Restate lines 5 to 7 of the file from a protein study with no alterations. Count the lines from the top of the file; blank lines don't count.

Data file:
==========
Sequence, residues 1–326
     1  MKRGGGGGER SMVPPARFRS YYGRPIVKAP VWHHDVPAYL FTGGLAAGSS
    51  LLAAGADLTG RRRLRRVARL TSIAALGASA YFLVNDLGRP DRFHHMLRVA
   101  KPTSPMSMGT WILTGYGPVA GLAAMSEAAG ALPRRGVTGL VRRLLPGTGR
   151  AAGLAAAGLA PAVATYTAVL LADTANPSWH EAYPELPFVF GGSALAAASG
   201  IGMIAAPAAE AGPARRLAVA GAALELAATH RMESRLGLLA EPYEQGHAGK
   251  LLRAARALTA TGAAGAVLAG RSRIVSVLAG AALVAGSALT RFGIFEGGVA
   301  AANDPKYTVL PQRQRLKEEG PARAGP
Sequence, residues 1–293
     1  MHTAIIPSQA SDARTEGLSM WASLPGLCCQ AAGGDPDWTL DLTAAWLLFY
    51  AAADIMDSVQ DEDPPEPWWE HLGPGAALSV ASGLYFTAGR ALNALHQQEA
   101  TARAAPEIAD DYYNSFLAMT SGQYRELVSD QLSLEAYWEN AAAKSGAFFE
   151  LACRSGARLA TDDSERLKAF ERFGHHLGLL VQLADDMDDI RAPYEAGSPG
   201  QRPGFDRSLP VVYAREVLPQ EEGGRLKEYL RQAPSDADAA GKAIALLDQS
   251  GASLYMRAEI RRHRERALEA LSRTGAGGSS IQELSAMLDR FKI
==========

   151  AAGLAAAGLA PAVATYTAVL LADTANPSWH EAYPELPFVF GGSALAAASG
   201  IGMIAAPAAE AGPARRLAVA GAALELAATH RMESRLGLLA EPYEQGHAGK
   251  LLRAARALTA TGAAGAVLAG RSRIVSVLAG AALVAGSALT RFGIFEGGVA